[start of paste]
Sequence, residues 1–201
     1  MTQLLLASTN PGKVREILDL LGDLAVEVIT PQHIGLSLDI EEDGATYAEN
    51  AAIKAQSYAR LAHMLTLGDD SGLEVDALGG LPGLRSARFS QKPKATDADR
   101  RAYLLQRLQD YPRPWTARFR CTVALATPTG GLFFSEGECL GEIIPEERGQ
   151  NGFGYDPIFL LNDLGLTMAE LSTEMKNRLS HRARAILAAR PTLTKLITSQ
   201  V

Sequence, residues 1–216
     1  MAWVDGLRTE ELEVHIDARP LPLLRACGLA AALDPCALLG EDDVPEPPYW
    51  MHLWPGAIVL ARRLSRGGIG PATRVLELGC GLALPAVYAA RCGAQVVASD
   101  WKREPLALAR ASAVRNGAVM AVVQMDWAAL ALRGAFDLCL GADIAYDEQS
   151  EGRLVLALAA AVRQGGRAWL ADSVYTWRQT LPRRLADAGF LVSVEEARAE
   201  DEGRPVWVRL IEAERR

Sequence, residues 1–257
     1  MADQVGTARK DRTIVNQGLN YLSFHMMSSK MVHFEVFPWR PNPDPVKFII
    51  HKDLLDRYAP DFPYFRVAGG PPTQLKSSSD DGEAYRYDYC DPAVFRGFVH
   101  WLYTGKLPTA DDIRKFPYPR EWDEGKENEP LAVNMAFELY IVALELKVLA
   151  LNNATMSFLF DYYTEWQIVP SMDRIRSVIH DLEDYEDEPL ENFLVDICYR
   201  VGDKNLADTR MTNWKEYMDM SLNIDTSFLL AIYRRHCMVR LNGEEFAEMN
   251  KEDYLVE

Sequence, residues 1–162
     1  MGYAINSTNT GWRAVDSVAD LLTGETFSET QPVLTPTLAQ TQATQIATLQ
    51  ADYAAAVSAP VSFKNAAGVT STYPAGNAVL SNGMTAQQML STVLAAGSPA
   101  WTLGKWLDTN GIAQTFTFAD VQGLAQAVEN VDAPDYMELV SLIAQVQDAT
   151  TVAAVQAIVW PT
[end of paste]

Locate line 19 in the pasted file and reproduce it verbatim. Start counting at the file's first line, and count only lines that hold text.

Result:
   251  KEDYLVE